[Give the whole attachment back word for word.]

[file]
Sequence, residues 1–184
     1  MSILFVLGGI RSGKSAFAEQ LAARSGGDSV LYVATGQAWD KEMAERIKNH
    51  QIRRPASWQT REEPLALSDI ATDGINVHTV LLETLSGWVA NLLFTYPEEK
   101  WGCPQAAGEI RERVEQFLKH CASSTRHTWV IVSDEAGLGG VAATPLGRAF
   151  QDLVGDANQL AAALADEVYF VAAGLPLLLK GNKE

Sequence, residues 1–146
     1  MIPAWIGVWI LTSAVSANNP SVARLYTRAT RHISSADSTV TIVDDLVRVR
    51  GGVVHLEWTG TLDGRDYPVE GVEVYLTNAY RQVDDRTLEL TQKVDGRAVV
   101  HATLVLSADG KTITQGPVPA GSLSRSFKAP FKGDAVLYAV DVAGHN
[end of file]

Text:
Sequence, residues 1–184
     1  MSILFVLGGI RSGKSAFAEQ LAARSGGDSV LYVATGQAWD KEMAERIKNH
    51  QIRRPASWQT REEPLALSDI ATDGINVHTV LLETLSGWVA NLLFTYPEEK
   101  WGCPQAAGEI RERVEQFLKH CASSTRHTWV IVSDEAGLGG VAATPLGRAF
   151  QDLVGDANQL AAALADEVYF VAAGLPLLLK GNKE

Sequence, residues 1–146
     1  MIPAWIGVWI LTSAVSANNP SVARLYTRAT RHISSADSTV TIVDDLVRVR
    51  GGVVHLEWTG TLDGRDYPVE GVEVYLTNAY RQVDDRTLEL TQKVDGRAVV
   101  HATLVLSADG KTITQGPVPA GSLSRSFKAP FKGDAVLYAV DVAGHN